Friday, August 29, 2014

Nuclear power looks for new ally—environmentalists

Even as the U.S. shale boom has sent oil and gas production skyrocketing, interest in alternative energy has increased. Yet nuclear power is still largely shunned by environmentalists, who see the fuel source as too costly and inherently dangerous.

That, however, may be changing. Last week, more than 200 United Nations researchers threw their weight behind atomic energy, calling for a tripling of output within the coming years as a means to combat carbon emissions. The move comes against the backdrop of nuclear innovations that seek to address safety and cost issues that have hampered the sector.

Currently, support for nuclear power among most environmentalists is tentative at best. But at least a few voices within the movement insist that soaring global demand for energy makes it imperative for climate change advocates to fully embrace atomic power.

"Environmentalists have to learn to live with nuclear energy," said Josh Freed, vice president for energy at Third Way, a multi-issue centrist think tank in Washington. "The globe is going to be an increasingly high-energy planet ... and [emerging markets] are going to demand the same baseload energy that industrialized countries are used to."

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Nuclear is key to reducing carbon emissions

By Christine Todd Whitman 

In the next month, the EPA will begin holding public meetings and accepting public comments on its proposal to reduce carbon emissions from existing power plants. As a former EPA administrator, governor, and concerned citizen, I believe we must act on climate change. I strongly support efforts to transition to a clean energy economy and I hope that the EPA will continue its outreach to the public and maintain a flexible approach in achieving meaningful and lasting emissions reductions. These two elements — public input and flexibility — are key to maintaining support for emissions reductions while maintaining a reliable electric system.

EPA’s proposal would cut carbon pollution from the electricity sector by 30 percent from 2005 levels. States have options on how to achieve the goals – including installing new low-carbon electric technology such as nuclear, wind or solar generation, improving energy efficiency, or through regional initiatives to reduce emissions.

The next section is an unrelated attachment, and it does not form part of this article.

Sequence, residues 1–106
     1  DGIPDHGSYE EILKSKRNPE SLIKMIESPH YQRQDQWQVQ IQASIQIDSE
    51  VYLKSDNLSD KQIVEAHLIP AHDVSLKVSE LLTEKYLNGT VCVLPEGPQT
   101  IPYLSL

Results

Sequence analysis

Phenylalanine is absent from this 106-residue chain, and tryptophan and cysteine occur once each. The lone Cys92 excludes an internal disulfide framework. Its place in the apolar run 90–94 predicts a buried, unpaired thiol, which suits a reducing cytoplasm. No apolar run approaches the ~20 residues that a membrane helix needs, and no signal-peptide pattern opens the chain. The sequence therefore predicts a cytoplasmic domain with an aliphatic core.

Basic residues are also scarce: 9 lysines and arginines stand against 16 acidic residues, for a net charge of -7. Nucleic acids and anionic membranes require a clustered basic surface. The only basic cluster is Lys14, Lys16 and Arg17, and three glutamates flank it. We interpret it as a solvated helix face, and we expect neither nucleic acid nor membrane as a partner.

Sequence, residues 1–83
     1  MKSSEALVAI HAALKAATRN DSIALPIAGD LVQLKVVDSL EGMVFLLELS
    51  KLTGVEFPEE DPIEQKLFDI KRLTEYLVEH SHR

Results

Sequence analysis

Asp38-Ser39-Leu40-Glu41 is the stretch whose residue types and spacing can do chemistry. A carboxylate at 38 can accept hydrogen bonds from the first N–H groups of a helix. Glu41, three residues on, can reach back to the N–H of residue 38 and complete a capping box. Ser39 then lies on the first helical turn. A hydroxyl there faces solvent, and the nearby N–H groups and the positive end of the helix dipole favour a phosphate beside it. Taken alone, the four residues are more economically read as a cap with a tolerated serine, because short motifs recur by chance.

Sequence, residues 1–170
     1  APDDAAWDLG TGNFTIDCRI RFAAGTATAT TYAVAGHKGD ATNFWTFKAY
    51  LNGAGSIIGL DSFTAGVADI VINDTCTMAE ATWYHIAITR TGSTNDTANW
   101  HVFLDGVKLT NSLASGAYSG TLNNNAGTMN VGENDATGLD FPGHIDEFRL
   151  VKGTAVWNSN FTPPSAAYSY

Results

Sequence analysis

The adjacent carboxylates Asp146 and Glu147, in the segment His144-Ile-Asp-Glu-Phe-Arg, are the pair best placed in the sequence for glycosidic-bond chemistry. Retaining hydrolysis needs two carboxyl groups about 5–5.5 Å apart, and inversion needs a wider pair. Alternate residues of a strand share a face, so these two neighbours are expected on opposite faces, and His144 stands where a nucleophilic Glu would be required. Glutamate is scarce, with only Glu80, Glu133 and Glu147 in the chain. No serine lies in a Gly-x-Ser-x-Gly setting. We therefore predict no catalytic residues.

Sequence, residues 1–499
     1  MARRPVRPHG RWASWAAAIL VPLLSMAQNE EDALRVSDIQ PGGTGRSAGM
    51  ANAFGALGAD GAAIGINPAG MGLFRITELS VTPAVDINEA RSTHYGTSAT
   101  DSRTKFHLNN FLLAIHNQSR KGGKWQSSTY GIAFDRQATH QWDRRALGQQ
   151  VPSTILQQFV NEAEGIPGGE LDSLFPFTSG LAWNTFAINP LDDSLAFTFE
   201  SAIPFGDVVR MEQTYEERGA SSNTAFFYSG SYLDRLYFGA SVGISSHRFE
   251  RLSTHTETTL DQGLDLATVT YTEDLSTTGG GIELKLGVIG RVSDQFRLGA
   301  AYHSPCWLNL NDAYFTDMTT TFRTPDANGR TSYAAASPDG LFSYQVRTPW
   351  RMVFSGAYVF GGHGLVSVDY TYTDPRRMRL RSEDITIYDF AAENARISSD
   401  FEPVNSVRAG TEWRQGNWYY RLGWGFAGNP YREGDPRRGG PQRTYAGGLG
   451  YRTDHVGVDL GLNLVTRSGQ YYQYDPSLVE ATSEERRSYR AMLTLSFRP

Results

Nuclear energy already provides 1 in 5 American homes and businesses with electricity, and represents 63 percent of our clean-air and carbon-free electricity. And nuclear energy’s contribution is set to grow as five new reactors are under construction — providing more clean energy that our economy and environment demand.

America’s commercial reactors are carbon-free and are also one of the most efficient and reliable producers of electricity – operating 24/7 at industry-leading reliability. These facilities generate electricity on the hottest of days, the coldest of nights, when the wind isn’t blowing and when the sun isn’t shining. America’s decades-long leadership in nuclear energy means that every year, we prevent the emission of 570 million metric tons of carbon pollution — essentially the same amount of carbon emitted by almost all U.S. passenger cars.

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Thursday, August 28, 2014

Want to fight climate change? Build more nuclear power.

Aging plants and competition from cheaper alternatives threaten the future of US nuclear power, the country's largest source of carbon-free electricity. Even with renewable energy, it will be exceedingly difficult to meet US climate change targets if much of American nuclear goes offline, Cunningham writes.